Pol­ish leader puts brakes on ju­di­cial shakeup

The Guardian (Charlottetown) - - WORLD -

WAR­SAW, Poland — Poland’s pres­i­dent un­ex­pect­edly an­nounced Monday that he will veto two bills that would have sharply cur­tailed the in­de­pen­dence of the ju­di­ciary, a vic­tory for peace­ful pro­test­ers who had gath­ered by can­dle­light ev­ery night for more than a week.

The Euro­pean Union crit­i­cized the bills as as­saults on the demo­cratic sys­tem of checks and bal­ances and threat­ened to be­gin pro­ceed­ings soon to strip Poland of its vot­ing rights in the 28-mem­ber bloc. Pres­i­dent An­drzej Duda ``made the right de­ci­sion,’’ Guy Ver­hof­s­tadt, the leader of a lib­eral al­liance in the Euro­pean Par­lia­ment, tweeted. ``But the fight for rule of law in Poland goes on _ we are with the Pol­ish peo­ple!’’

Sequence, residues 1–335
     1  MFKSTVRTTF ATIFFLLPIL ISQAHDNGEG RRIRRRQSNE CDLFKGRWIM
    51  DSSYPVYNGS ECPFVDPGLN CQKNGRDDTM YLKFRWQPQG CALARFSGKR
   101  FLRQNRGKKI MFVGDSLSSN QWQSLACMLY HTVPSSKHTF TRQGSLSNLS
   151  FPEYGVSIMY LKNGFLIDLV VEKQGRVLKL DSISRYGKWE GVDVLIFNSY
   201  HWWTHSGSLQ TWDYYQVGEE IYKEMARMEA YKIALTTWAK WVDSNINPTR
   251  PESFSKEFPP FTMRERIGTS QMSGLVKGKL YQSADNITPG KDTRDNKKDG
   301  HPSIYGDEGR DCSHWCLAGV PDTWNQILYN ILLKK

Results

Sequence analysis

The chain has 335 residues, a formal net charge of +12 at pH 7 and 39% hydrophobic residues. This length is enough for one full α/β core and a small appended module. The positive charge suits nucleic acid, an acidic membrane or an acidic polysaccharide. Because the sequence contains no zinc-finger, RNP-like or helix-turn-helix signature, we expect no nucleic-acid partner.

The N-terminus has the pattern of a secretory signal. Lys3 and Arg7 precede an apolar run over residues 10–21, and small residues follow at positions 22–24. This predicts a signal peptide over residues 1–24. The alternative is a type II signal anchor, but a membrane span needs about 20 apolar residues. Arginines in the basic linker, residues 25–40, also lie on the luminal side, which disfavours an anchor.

The protests mark one of the most sig­nif­i­cant acts of civic mo­bi­liza­tion since the Sol­i­dar­ity protests led by Lech Walesa in the 1980s, with large num­bers of young Poles at­tend­ing ral­lies daily fear­ing they might lose a fu­ture in a demo­cratic state fully in­te­grated in the West.

Walesa, the No­bel Peace Prize lau­re­ate and former pres­i­dent who helped end com­mu­nism peace­fully in 1989, praised Duda for what he called ``a dif­fi­cult and a coura­geous de­ci­sion.’’

Many Poles fear that a loss of ba­sic demo­cratic rights will change the county into a semi­au­thor­i­tar­ian state, mir­ror­ing con­di­tions in some other places in East­ern Europe.

Newspapers in English

Newspapers from Canada

© PressReader. All rights reserved.